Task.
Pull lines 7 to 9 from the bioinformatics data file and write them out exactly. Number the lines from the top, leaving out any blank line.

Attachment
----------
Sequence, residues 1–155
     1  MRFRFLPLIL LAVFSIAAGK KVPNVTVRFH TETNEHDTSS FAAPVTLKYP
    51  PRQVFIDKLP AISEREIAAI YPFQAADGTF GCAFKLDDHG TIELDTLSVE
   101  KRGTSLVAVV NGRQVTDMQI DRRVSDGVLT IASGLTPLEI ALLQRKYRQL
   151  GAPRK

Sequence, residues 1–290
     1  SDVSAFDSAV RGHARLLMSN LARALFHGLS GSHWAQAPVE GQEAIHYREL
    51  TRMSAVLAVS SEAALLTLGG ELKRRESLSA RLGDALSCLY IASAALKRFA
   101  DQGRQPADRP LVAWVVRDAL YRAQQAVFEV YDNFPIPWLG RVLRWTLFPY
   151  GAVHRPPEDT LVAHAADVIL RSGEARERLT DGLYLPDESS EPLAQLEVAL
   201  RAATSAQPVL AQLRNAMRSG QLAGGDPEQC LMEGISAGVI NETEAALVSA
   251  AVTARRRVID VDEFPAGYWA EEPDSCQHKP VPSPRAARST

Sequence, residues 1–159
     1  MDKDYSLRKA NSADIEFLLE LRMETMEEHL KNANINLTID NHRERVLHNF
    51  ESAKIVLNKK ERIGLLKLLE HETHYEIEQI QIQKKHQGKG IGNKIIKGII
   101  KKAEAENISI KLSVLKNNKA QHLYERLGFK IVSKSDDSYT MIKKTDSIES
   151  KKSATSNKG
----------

     1  SDVSAFDSAV RGHARLLMSN LARALFHGLS GSHWAQAPVE GQEAIHYREL
    51  TRMSAVLAVS SEAALLTLGG ELKRRESLSA RLGDALSCLY IASAALKRFA
   101  DQGRQPADRP LVAWVVRDAL YRAQQAVFEV YDNFPIPWLG RVLRWTLFPY